September 25, 2020

BY WHITNEY SOUTH

Who says nerds can’t party?

As the boss of Kitchener-Waterloo Nerd Nite, Charlotte Armstrong has made it her mission to bring together men and women interested in science and nerd culture with events where anyone can fit in and even learn a little something, all while enjoying a pint.

“As nerds our nature is generally introverted,” she said. “We may not have the best social skills, but I want people to come out and get to know each other and have fun.”

Nerd Nite is an international non-profit organization that holds monthly events in more than 50 cities around the world. Despite its humble beginnings in a Boston bar in 2003, the events have grown to 15 cities on three continents.

After attending a Nerd Nite event in Toronto, Armstrong took matters into her own hands and began planning something a little closer to home.

“I was going to Toronto all the time for these events as well as other nerd culture celebrations and I started thinking,” she said. “This is the technology capital of Canada and we have such a strong nerd community, why aren’t we doing that here in Kitchener?”

Armstrong launched her Nerd Night in March 2012 at the Rum Runner Pub in downtown Kitchener, becoming the event’s second Canadian chapter.

“It’s just a really great opportunity for people to talk about their passion and make new friends,” she said. “This is a very science rich and academic-focused community and if you can learn something in a pub while drinking and eating chicken wings, who wouldn’t want to do that?”

After a long process of communicating with the inventors of Nerd Nite, based in New York City, Armstrong was able to prove she could make the grade.

“They wanted to make sure I was the right type of person to be a boss and organizer,” she said. “One of the qualifications was that I had to be a curious person, someone who would be able to jump on stage and be organized but also quirky and nerdy.”

According to Armstrong, the true definition of a nerd is someone who has an inordinate amount of knowledge about a subject they’re passionate about. It’s that passion that drives the Nite’s audience members to become presenters, regaling the group with 20-minute lectures on everything from snails to Robocop.

With women making up 50 per cent of Nerd Nite’s monthly audience, Armstrong’s vision of an environment where everyone is respected equally is attracting guys and girls with various interests.

Catherine Williams attended her first event after hearing about Nerd Nite from friends.

“The way they spoke about it and described what the event was like, I knew it would be something I would enjoy,” she said.

Williams said like most areas typically dominated by men, women aren’t always willing to admit their nerdiness.

“Often it means you don’t fit in with other women or even with guys who are nerds,” she said. “But at Nerd Nite most of the speakers have been female so it has provided a great venue for girl nerds to be taken seriously.”

Armstrong’s talents aren’t limited to just one night a month; her resume boasts titles such as co-ordinator of the Southern Ontario Science Fiction Festival and founder and co-ordinator of the Southern Ontario Space Research and Technology festival. She’s also a member of the Royal Canadian Astronomical Society, the Canadian Space Society and the Waterloo Space Society.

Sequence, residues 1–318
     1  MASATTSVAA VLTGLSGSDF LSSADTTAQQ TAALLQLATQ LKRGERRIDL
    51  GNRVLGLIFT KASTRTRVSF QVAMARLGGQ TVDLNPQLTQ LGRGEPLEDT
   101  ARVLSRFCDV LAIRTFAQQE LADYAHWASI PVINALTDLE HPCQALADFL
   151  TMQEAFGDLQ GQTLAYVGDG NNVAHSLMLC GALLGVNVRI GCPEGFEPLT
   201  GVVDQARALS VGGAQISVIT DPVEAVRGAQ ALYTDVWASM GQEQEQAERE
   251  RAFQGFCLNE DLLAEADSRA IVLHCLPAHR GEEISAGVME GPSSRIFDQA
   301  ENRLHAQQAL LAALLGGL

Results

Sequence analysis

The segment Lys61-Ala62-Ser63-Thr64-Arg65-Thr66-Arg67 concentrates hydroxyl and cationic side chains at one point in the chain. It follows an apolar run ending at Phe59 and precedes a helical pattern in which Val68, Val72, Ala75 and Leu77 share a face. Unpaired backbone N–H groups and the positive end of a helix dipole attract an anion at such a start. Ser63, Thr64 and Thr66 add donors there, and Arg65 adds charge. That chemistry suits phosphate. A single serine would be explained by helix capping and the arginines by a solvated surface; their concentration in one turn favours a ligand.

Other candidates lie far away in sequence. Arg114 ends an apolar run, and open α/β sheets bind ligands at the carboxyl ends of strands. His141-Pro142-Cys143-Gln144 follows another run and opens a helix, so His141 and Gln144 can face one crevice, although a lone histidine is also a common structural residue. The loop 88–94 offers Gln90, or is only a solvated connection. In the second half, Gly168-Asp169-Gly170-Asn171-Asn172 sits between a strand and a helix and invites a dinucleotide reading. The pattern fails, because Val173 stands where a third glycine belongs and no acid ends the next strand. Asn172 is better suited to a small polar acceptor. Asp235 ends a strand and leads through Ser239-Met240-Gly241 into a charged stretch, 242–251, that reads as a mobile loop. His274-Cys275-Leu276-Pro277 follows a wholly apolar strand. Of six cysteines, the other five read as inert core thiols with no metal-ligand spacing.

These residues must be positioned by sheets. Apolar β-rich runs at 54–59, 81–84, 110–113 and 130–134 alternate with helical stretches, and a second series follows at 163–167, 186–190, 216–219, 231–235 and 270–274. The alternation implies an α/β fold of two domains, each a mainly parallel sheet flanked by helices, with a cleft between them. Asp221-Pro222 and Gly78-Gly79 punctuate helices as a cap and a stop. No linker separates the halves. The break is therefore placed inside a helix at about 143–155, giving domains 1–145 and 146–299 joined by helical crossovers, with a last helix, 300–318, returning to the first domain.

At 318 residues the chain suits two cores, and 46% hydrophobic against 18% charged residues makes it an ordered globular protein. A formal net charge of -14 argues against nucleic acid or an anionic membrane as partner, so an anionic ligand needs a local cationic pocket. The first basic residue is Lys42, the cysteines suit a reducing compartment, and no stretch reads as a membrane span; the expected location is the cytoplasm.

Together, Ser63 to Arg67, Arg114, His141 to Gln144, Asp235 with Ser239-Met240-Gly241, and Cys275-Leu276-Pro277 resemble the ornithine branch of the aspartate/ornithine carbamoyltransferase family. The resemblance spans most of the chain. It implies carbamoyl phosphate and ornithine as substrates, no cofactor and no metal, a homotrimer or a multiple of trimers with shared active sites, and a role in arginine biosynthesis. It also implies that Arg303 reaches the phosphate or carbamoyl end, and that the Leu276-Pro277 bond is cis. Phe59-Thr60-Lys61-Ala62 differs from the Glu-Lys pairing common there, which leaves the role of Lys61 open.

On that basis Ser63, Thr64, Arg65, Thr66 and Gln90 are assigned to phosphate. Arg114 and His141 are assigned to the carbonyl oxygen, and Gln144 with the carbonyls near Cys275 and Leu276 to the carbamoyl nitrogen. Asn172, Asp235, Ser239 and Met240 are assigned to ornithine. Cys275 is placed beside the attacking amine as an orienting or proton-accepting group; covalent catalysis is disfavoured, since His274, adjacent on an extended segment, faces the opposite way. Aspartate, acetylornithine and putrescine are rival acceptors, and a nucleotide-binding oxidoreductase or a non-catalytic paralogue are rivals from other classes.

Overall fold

Regardless of her leadership in the community, Armstrong said she hasn’t always had an easy time from her male peers.

“The science fiction festival almost didn’t happen,” she said.

While trying to organize the event with clubs in Toronto, Armstrong found most club presidents were interested in more than just sci-fi.

“They’d all ask me if I had a boyfriend,” she said. “I was treated badly to the point there were some clubs I didn’t have participate because I’m creating these events for people to enjoy, not to meet guys.”

Most assumed she wasn’t the one in charge.

“I kept thinking how ridiculous the whole thing was and I was very discouraged, but I was determined to prove myself,” she said.

Ryan Consell is an author, artist and engineering researcher as well as one of Armstrong’s co-hosts for Nerd Nite.

After a chance meeting at a pub, Armstrong invited Consell to a gingerbread house-making party the following day. Instead of making a house, they made an All Terrain Scout Transport from Star Wars and a friendship was born.

Consell said Armstrong is a brilliant leader but often chooses to share the spotlight.

“She likes to push other people into the spotlight while she makes everything happen from behind the scenes,” he said. “She’s excited about everything and is very good at making other people feel appreciated and important.”

Armstrong’s continuing mission is to break down barriers between the scientific community and the public so that everyone can celebrate scientific and technological growth around the region and in Canada.

As a nerd girl, Armstrong said she’s excited about the changes she’s seeing in the community.

“I really think there has been evolution and I’m excited about the future of nerd and geek culture for women and for everyone,” she said. “It’s only going to become more awesome the more girls are involved in it.”

Noting that men should realize that more women getting involved in nerd culture means more events as well as more interesting points of view, Armstrong is proving a woman can be a leader in the nerd community.

“We are the planners, the ones who are going to make things happen and the guys will benefit,” she said. “There are so many events and conventions out there now and with almost all of them there’s a strong female behind it.”

The next Nerd Nite event will take place Wednesday, Jan. 30 at 8 p.m. at The Rum Runner Pub, 1 King St. W., in Kitchener.

For more information on Kitchener-Waterloo Nerd Nite, visit www. http://kw.nerdnite.com or check them out on Facebook at facebook.com/nerdnitekw.